Alexander McQueen film asks no awkward questions
Review: Even in death, the enigmatic designer has evaded the documentarians
Alexander McQueen in the 'McQueen' documentary: the fashion designer had a profound need for privacy
Film Title: McQueen
Director: Ian Bonhôte and Peter Ettedgui
Starring: Mira Chai Hyde, Sebastian Pons, Detmar Blow
Running Time: 110 min
It sounds unlikely, and yet, watching this well-crafted biographical documentary, one can empathise. The filmmakers have properly scoured the archives in search of their subject, and yet McQueen remains a ghostly, unknowable presence throughout.
It’s complicated. When the queer, working-class, Stratford-raised artist first emerged in the London fashion scene, he needed to stay incognito as he was still drawing the dole. But, year after year, his apparent reluctance – as he was dragged out on to catwalks during various fashion weeks – suggests a profound need for privacy.
It wasn’t that McQueen was entirely coy about being in the public eye. He had many celebrity chums, he was openly gay his entire life, and he was, as evidenced by his notorious 1993 Highland Rape collection, capable of broaching such terrible family secrets as the sexual abuse visited upon him and his sister by a brother-in-law.
He once said that if you want to know me, look at my work, and Bonhôte and Ettedgui have taken him at his word, dividing the film into chapters named after different fashion collections.
There are excellent, illuminating contributions from Hyde, from assistant designer Sebastian Pons, and from art dealer Detmar Blow, the widower of McQueen’s former mentor, Isabella Blow, as the film outlines and teases out the biographical details.
The designer did not, as is often reported, grow up in a council flat. His mother Joyce was a teacher, his Scottish father Ron was a taxi driver, and he attended a postgraduate course at Central Saint Martin’s College of Art and Design thanks to a £4,000 loan from his Auntie Renee.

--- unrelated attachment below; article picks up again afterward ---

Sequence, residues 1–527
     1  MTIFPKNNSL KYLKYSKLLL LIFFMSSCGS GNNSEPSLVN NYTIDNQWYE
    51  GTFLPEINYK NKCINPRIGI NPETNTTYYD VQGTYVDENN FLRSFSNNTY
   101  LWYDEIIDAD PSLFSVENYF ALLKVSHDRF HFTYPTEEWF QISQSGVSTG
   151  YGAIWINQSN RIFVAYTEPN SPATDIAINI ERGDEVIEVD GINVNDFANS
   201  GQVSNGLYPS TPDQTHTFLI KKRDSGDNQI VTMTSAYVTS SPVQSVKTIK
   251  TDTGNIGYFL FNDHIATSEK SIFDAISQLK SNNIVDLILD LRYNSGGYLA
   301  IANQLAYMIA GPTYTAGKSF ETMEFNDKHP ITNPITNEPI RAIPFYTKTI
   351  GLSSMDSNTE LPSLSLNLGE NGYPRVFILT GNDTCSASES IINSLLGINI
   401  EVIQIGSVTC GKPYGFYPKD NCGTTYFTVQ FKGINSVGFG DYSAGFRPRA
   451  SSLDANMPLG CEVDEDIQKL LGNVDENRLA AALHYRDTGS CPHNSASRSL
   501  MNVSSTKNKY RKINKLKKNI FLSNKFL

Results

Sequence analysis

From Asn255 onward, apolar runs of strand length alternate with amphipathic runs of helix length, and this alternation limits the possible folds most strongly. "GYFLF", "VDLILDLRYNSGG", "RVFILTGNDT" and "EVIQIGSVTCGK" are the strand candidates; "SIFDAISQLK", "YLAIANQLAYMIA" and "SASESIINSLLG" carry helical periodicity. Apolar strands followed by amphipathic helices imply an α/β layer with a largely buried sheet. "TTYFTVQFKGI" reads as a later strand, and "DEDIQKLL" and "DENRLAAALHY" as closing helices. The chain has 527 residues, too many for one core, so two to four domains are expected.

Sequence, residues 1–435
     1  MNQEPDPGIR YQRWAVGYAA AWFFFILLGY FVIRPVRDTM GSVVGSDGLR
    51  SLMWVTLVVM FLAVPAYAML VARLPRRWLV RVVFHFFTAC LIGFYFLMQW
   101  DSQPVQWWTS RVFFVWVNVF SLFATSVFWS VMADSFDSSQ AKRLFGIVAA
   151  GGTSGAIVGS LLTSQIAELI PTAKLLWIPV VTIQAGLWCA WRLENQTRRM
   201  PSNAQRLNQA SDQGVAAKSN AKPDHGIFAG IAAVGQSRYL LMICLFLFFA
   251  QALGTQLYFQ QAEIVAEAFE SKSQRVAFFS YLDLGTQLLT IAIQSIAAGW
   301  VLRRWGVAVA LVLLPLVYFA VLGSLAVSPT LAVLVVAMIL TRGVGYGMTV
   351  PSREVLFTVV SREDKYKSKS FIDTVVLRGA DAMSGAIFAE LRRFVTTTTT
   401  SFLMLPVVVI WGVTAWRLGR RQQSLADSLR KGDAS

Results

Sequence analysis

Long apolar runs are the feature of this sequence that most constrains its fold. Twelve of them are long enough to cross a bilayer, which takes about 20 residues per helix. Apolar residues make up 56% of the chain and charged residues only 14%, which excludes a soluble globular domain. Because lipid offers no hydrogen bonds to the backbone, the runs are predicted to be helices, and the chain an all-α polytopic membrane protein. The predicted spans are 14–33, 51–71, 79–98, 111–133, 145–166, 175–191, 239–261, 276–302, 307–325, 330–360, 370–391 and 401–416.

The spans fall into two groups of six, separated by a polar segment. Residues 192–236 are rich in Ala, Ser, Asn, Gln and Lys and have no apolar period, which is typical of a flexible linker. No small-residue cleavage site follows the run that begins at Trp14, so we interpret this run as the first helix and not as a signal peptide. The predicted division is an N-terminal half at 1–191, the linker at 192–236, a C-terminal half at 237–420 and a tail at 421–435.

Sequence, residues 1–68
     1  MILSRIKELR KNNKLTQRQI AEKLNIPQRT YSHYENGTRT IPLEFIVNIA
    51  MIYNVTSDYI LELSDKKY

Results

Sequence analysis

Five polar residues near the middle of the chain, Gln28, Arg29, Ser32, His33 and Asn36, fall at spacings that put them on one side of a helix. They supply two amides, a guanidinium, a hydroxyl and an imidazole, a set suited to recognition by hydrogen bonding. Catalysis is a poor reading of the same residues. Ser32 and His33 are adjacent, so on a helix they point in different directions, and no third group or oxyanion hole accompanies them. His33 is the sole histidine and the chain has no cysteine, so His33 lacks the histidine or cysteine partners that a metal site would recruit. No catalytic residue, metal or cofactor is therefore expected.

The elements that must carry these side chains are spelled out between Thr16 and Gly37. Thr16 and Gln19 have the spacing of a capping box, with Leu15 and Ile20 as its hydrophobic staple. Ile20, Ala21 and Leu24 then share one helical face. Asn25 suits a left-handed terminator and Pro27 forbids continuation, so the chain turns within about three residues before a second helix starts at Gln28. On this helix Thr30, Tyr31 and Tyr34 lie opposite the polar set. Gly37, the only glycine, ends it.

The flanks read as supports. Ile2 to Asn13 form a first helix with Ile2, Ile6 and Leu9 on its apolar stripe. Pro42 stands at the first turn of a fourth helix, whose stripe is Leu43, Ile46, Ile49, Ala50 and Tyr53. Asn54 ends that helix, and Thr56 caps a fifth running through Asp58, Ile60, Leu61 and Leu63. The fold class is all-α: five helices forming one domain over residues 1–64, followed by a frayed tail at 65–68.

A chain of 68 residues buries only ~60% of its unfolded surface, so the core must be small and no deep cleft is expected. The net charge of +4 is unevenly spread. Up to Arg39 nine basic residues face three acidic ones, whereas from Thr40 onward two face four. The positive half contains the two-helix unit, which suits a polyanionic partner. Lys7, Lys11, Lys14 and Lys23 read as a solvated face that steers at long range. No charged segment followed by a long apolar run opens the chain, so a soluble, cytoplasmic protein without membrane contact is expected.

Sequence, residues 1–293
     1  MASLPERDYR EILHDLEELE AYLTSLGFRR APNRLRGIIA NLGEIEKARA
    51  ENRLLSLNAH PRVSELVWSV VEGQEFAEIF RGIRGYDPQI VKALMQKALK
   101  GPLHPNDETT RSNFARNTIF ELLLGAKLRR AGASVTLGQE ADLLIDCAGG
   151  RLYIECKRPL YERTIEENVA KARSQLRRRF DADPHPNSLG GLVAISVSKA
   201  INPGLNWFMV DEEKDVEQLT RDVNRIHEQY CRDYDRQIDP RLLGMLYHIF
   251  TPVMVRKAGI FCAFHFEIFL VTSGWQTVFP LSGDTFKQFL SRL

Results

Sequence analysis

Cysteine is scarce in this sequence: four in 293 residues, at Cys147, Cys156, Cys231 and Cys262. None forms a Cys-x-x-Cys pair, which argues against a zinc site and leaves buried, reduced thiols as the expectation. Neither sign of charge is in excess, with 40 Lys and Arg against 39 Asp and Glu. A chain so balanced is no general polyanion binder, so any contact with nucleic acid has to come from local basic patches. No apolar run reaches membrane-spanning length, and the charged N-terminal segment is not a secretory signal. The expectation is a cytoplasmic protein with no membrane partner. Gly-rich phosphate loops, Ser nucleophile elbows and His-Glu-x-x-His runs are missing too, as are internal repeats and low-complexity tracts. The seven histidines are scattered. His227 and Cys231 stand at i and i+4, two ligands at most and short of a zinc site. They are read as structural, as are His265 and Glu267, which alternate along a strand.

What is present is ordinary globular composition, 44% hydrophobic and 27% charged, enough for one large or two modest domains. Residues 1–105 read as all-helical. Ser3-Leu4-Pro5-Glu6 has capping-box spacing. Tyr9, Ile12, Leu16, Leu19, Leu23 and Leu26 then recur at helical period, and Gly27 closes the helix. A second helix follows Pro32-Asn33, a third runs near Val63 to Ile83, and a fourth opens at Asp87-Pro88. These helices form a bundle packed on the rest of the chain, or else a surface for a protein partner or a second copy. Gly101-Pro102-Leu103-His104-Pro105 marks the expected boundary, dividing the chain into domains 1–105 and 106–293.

Aged 16, he had trained under the Cork-born coat-maker Cornelius O’Callaghan on Saville Row. There was a stint with the imprint Red or Dead, where fellow-designer John McKitterick recalls an enthusiastic, never-late youngster who listened to Sinead O’Connor obsessively, and a brief relocation to Milan to work under Romeo Gigli, a taskmaster who inspired McQueen’s life-long love of sewing insulting, sweary messages into garment linings.
Returning to St Martin’s, McQueen’s eye-catching gradation collection – Jack the Ripper Stalks His Victims – established his credentials as an enfant terrible and brought society benefactor, Isabella Blow into his life.
Blow becomes a narrative plank for the film. When McQueen is improbably installed as the creative director of Givenchy, he turns his back on his former protector, a snub that may have contributed to Blow’s suicide in 2007. He and Irish milliner Philip Treacy, another Blow protégé, dedicated McQueen’s La Dame Bleue spring 2008 collection to their late mentor.
It’s clear that the death of McQueen’s mother – the woman who had encouraged him to seek an apprenticeship on Savile Row, who had inspired his Scottish designs with her keen interest in the family’s Scottish genealogy, and who died a week before his suicide – was a far greater influence.
There are interesting details to be gleaned from this elegant film. McQueen had said Givenchy was a “load of crap” before he was appointed as their creative director, he created his 55-outfit Givenchy debut, The Search for the Golden Fleece, in just 25 days, and he loved his dogs dearly (he left £80,000 in his will to ensure they were looked after).
But there are also gaping omissions. The filmmakers have very wisely eschewed a celebrity-heavy format wherein Anna Wintour and her ilk use the word “genius” repeatedly, in favour of intimate chats with family members.
Sadly, this means there’s no meaningful conversation about McQueen’s early star-making collaborations with David Bowie and Bjork, and there are no contemporary contributions from patrons Lady Gaga, Nicole Kidman, Sarah Jessica Parker or Rihanna.
Worse, there’s no mention of the designer’s late, unofficial husband George Forsyth. Indeed, McQueen’s sexuality is almost glossed over, save for a reference to Leigh Bowery’s Taboo club. Nor are there any awkward questions as to how the industry failed to spot McQueen literally shrinking from cocaine use, paranoia and pressure.
Even in death, it seems, the enigmatic McQueen has evaded future documentarians.
Release date: June 8th